Mobile browsing has improved a lot in recent years, and while coverage in many areas of the world has been improved in that time, for instance with the introduction of LTE, bandwidth is still a bottleneck in many parts of the world.
Opera Software identified this a long time ago and created Opera Turbo to help Opera users out by sending traffic through a proxy server that compresses what is being transferred to the user's device. While primarily designed for its mobile browsers, Opera Turbo is also available in desktop versions of Opera so that Opera users who live or work in areas with bad Internet coverage can speed up their Internet browsing as well.
According to Francois Beaufort, Google is currently experimenting with a similar feature for Chrome for Android. The feature is currently not enabled by default and needs to be enabled with a switch that turns the compression technology on.
Chrome users on Android who want to try out the feature need to run the following command to enable it:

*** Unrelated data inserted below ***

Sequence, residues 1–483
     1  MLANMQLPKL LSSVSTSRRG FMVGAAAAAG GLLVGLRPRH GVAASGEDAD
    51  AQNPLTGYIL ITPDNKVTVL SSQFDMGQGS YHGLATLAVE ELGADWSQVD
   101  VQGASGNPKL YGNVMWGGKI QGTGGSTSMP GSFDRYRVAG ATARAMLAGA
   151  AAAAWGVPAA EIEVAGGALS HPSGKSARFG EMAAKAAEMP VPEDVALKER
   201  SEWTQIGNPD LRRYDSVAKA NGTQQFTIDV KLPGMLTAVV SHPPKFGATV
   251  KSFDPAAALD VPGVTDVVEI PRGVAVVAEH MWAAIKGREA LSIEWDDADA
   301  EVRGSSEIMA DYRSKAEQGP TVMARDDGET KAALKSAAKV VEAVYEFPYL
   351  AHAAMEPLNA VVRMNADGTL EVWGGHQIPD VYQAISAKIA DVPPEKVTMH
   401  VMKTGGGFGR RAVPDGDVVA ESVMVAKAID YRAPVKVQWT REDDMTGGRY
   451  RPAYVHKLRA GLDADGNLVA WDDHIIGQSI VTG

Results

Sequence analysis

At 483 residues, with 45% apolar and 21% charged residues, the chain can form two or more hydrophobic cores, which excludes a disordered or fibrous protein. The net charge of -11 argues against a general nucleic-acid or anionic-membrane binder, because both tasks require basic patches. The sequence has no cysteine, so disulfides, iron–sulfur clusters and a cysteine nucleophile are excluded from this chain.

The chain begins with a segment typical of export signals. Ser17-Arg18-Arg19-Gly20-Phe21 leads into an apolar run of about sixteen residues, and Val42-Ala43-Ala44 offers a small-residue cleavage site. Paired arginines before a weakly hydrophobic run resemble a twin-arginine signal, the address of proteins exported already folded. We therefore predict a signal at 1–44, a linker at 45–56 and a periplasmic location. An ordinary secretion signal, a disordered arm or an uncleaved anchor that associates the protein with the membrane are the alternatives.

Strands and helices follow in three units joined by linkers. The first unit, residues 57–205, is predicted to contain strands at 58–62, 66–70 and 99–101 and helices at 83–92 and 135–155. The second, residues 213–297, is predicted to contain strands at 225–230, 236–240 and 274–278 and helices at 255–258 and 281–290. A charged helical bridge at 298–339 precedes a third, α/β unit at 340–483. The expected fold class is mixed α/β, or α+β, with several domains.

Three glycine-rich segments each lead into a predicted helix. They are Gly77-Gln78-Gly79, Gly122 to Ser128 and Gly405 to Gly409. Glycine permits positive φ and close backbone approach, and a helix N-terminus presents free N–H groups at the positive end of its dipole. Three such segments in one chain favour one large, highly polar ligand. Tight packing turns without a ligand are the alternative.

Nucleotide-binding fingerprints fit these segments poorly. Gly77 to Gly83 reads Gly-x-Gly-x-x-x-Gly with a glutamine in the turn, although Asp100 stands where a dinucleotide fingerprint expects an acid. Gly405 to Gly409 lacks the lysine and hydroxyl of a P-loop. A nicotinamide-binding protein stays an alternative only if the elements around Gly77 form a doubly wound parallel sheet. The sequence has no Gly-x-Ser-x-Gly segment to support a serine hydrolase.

adb shell 'echo "chrome --enable-spdy-proxy-auth" > /data/local/tmp/content-shell-command-line'
You basically need to turn on USB Debugging on the phone or tablet, and use the Android SDK to run the command after you have connected the device to the system.
Google according to Francois is using Google SPDY proxy servers to reduce data consumption by loading optimized web pages
Google has not revealed many information about the feature other than that yet. We do not know how much bandwidth users will save when they enable the feature, if it will run over all Internet traffic or if secure connections are exempt, and whether it will make its way into the desktop version of the Chrome browser as well.
Since it is currently being evaluated, it is not even clear if it will become a permanent feature in Chrome. If it does though, it may certainly be a welcome addition for Android users.
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Ghacks is a technology news blog that was founded in 2005 by Martin Brinkmann. It has since then become one of the most popular tech news sites on the Internet with five authors and regular contributions from freelance writers.